The tower section of the Iona Building was completed during the 1930s.
From initial discussions with Anglican and the then separate Methodist and Presbyterian groups in 1922, there has been open discussion on joint studies, and was a reason Ryerson Hall never constructed a separate building. Throughout the 1960s, the two colleges cooperated in offering courses and access to materials, and discussions started regarding the creation of a new theological school to serve the area. The current-day Vancouver School of Theology was formed in 1971.The creation of VST occurred in a climate in which full communion between the Anglican Church of Canada and United Church was under serious consideration, although this union did not take place.
Saint Andrew's Hall, a residence established by the Presbyterian Church in Canada during the 1950s, officially became affiliated with the VST. The school has also been recognized by the Presbyterian Church (USA) and the United Methodist Church, both of the United States, as a training institution for their clergy.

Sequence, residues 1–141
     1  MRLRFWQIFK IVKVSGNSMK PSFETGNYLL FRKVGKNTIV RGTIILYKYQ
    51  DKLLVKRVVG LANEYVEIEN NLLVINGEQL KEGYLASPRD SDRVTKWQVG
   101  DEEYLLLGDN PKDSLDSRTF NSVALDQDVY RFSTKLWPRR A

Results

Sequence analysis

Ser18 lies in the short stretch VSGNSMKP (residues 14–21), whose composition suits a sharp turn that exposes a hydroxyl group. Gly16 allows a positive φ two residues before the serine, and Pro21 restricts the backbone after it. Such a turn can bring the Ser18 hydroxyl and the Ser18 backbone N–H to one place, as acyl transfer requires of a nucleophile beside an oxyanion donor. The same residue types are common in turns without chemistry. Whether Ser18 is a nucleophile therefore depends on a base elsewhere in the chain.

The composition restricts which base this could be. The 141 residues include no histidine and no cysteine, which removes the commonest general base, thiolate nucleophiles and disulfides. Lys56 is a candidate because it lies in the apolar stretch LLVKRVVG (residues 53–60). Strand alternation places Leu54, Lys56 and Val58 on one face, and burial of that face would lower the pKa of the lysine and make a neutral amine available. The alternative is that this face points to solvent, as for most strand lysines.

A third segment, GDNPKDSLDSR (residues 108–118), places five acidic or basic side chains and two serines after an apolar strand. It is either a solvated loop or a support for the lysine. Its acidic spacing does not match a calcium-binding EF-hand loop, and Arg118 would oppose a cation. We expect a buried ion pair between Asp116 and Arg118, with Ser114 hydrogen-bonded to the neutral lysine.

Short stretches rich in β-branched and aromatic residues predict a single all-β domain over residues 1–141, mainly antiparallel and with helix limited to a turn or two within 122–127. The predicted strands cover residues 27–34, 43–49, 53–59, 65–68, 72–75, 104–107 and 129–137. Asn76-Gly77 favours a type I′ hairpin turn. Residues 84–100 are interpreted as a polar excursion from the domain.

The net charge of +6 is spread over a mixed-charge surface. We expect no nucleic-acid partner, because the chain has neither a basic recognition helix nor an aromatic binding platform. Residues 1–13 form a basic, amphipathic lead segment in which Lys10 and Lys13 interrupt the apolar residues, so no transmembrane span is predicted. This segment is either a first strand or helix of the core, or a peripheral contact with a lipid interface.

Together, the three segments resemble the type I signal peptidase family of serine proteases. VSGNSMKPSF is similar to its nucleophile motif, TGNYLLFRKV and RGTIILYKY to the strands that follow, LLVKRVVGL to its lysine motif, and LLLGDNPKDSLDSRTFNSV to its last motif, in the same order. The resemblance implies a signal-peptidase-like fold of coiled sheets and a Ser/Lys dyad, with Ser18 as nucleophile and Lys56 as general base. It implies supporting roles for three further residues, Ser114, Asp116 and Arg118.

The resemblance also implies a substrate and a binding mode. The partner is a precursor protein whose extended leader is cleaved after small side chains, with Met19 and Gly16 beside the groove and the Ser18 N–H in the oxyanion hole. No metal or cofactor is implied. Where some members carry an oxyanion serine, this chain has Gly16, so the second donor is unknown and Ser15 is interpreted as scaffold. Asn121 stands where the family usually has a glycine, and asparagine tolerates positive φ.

The Institute for stained glass in Canada has documented the stained glass at Vancouver School of Theology.
- Certificate in Theological Studies
- Diploma in Theological Studies
- Diploma in Denominational Studies
- Master of Divinity
- Master of Divinity by Extension through the Native Ministry Program
- Master of Arts in Theological Studies
- Graduate Diploma in Theological Studies
- Master of Arts in Indigenous and Inter-Religious Studies
- Master of Theology in Indigenous and Inter-Religious Studies
- Master of Theology
- Master of Public and Pastoral Leadership
Certificate in Theological Studies
Theology building converted to economics